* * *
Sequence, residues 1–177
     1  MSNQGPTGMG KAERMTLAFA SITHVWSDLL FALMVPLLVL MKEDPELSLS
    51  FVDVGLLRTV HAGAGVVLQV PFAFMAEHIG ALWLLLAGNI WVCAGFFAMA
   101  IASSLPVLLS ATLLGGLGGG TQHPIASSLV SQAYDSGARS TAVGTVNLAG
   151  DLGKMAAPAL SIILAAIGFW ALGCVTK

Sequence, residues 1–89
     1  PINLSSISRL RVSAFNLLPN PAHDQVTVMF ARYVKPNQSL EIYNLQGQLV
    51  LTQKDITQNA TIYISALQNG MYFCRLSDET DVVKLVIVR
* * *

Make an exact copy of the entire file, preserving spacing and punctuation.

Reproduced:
Sequence, residues 1–177
     1  MSNQGPTGMG KAERMTLAFA SITHVWSDLL FALMVPLLVL MKEDPELSLS
    51  FVDVGLLRTV HAGAGVVLQV PFAFMAEHIG ALWLLLAGNI WVCAGFFAMA
   101  IASSLPVLLS ATLLGGLGGG TQHPIASSLV SQAYDSGARS TAVGTVNLAG
   151  DLGKMAAPAL SIILAAIGFW ALGCVTK

Sequence, residues 1–89
     1  PINLSSISRL RVSAFNLLPN PAHDQVTVMF ARYVKPNQSL EIYNLQGQLV
    51  LTQKDITQNA TIYISALQNG MYFCRLSDET DVVKLVIVR